WHERE THE PROBLEM LIES: In DC, Fenno & Boyer reported, "In a four-minute statement to reporters at Redskins Park, Shanahan blamed the $36 million salary cap penalty that stretched over the past two offseasons for the team’s lack of depth, but said he believes the organization is in better shape than when he arrived" (WASHINGTON TIMES, 12/31). Also in DC, Zac Boyer noted it is believed Shanahan, who signed a five-year, $35M contract in January '10, "will receive" the roughly $7M remaining on his deal (WASHINGTON TIMES, 12/31).

THEATER OF THE ABSURD: In DC, Kent Babb wrote under the header, “Shanahan’s Final Day At Redskins Park Is Symbolically Bizarre.” Snyder and Allen “did the firing” during a 9:00am ET meeting, and the team “ordered pre-emptive measures presumably meant to reduce unnecessary attention -- but in the process attracted far more.” Reporters “weren’t allowed to stand in the parking lot between the media building and the team facility after Snyder and Shanahan arrived.” The team “assigned two public-relations interns to patrol the area, assigning them walkie-talkies and instructions to keep doors and window shades closed.” Reporters therefore “watched and shot video through uncovered windows and slits between curtain and sill” (WASHINGTON POST, 12/31). Also in DC, Nathan Fenno wrote the organization “seemed beset by the same mentality that has left it in perpetual chaos.” Fenno: “Dysfunction, the sort of anonymous finger-pointing that occupied much of the season’s final month, is more familiar than playoff victories” (WASHINGTON TIMES, 12/31).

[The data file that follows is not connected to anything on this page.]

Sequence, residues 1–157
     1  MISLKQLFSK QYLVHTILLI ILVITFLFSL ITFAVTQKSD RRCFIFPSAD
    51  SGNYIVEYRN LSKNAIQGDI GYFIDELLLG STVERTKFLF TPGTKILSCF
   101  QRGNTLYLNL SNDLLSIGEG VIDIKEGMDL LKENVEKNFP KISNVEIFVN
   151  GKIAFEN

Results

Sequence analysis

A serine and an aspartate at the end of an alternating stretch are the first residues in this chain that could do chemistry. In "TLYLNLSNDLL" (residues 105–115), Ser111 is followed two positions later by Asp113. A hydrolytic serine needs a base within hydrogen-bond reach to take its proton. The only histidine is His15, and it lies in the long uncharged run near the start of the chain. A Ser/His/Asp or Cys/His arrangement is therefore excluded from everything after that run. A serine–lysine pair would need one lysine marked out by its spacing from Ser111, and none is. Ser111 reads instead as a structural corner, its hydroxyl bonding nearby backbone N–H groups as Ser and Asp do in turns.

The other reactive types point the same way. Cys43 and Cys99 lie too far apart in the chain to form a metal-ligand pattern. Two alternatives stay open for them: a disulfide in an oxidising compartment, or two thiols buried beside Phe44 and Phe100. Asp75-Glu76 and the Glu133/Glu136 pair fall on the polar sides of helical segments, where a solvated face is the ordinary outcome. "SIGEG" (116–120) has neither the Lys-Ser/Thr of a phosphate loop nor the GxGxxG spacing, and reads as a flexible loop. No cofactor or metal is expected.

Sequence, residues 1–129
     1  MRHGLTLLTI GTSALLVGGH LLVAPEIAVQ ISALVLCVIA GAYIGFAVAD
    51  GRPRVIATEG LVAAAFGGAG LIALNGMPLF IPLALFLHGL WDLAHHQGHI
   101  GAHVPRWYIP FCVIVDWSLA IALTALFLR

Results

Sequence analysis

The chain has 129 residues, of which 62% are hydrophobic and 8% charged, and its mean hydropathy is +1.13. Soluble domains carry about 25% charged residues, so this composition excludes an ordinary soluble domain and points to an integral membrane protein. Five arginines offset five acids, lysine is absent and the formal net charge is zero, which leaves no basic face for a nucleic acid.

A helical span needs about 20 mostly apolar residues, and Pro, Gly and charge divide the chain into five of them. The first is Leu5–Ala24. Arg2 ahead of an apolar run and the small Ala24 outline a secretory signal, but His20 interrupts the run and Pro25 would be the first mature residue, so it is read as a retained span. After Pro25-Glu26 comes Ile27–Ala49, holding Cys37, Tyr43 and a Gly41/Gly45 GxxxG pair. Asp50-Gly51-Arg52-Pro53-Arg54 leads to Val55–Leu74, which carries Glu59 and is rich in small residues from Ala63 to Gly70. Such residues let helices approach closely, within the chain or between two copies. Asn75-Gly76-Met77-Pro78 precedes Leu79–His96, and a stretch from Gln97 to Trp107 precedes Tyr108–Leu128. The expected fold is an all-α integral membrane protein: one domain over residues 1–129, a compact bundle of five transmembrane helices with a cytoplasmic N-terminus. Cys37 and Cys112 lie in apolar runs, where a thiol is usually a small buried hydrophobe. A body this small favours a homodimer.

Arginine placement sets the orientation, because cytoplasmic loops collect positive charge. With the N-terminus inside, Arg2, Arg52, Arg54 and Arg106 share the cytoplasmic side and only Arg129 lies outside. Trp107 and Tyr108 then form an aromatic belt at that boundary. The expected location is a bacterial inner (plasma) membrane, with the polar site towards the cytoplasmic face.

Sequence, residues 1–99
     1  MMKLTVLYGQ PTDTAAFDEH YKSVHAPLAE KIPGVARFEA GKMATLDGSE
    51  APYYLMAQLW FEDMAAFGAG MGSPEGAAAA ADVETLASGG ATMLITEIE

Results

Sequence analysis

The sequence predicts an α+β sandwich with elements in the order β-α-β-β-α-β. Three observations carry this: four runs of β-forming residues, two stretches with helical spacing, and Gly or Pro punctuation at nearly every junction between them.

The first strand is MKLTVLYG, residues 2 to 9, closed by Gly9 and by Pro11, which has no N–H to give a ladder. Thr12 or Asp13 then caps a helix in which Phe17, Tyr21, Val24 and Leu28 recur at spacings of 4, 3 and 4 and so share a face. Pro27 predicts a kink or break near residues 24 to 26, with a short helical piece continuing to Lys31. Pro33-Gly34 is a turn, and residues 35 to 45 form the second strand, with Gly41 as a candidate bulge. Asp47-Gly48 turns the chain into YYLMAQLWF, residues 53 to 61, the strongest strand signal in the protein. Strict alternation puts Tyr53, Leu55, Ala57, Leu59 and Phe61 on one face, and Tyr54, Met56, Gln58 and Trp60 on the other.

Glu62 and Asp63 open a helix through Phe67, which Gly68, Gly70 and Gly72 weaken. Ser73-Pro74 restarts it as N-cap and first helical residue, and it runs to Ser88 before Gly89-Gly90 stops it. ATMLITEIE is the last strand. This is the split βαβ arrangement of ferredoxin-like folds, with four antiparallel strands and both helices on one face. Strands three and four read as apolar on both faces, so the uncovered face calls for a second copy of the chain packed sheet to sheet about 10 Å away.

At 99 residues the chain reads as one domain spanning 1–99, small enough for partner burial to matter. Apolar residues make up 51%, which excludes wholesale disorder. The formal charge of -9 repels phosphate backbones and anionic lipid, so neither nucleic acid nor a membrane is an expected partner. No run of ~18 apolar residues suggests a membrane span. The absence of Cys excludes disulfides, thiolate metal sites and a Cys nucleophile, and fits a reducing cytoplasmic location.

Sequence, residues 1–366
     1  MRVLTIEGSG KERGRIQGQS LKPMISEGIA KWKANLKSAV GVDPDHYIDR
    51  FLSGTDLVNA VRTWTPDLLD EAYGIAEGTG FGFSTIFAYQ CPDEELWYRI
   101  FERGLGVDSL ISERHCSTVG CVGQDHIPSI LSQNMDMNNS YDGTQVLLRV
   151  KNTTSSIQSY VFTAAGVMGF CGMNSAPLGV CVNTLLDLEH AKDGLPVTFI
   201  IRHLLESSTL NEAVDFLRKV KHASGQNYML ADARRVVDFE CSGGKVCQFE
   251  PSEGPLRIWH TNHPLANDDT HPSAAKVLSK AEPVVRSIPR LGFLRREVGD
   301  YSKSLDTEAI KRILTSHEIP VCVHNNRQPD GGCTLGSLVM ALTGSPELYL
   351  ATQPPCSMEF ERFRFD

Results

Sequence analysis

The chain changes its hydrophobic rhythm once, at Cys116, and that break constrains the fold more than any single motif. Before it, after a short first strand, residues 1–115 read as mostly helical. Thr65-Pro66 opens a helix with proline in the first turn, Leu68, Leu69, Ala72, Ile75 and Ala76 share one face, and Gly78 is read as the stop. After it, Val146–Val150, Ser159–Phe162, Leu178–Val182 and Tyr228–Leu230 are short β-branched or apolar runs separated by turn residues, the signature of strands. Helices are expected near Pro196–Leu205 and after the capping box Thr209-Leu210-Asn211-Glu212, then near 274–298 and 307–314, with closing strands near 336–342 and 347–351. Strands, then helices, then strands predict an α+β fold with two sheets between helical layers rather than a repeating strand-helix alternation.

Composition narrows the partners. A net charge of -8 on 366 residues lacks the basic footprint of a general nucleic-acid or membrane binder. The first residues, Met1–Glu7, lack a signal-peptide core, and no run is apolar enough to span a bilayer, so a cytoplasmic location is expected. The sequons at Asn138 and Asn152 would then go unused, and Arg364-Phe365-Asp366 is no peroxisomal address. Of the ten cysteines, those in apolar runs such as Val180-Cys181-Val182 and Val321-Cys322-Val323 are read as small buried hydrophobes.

FISSURES BENEATH THE SURFACE: ESPN analyst Ron Jaworski said, “Snyder, as an owner, is terrific. There’s 91,000 people there every game. It’s a great brand, the Redskins. But they have to win.” Jaworski added, “Let Dan Sndyer be the owner and enjoy all the rewards of being the owner, but let the football people -- let the Bruce Allens of the world, the next guy they bring in -- let them do their job and support them rather than fight them” (“SportsCenter,” ESPN, 12/30). In DC, Thomas Boswell wrote, “Can this farcical franchise continue to rule Washington no matter how bad it is, no matter how much of an embarrassment it is to the city and its fans?” If this “tacky tabloid year doesn’t start a process of modest disengagement, of fan grieving, what would it take?” (WASHINGTON POST, 12/31). ESPN’s Michael Wilbon, appearing on ESPN Radio 980 DC, said the Redskins’ season "started off bad and got worse, and melodramatic, like a 1940s post-war movie." Wilbon: "It was never even like a football season: it was just like something starring Joan Crawford. What is this?” (, 12/30).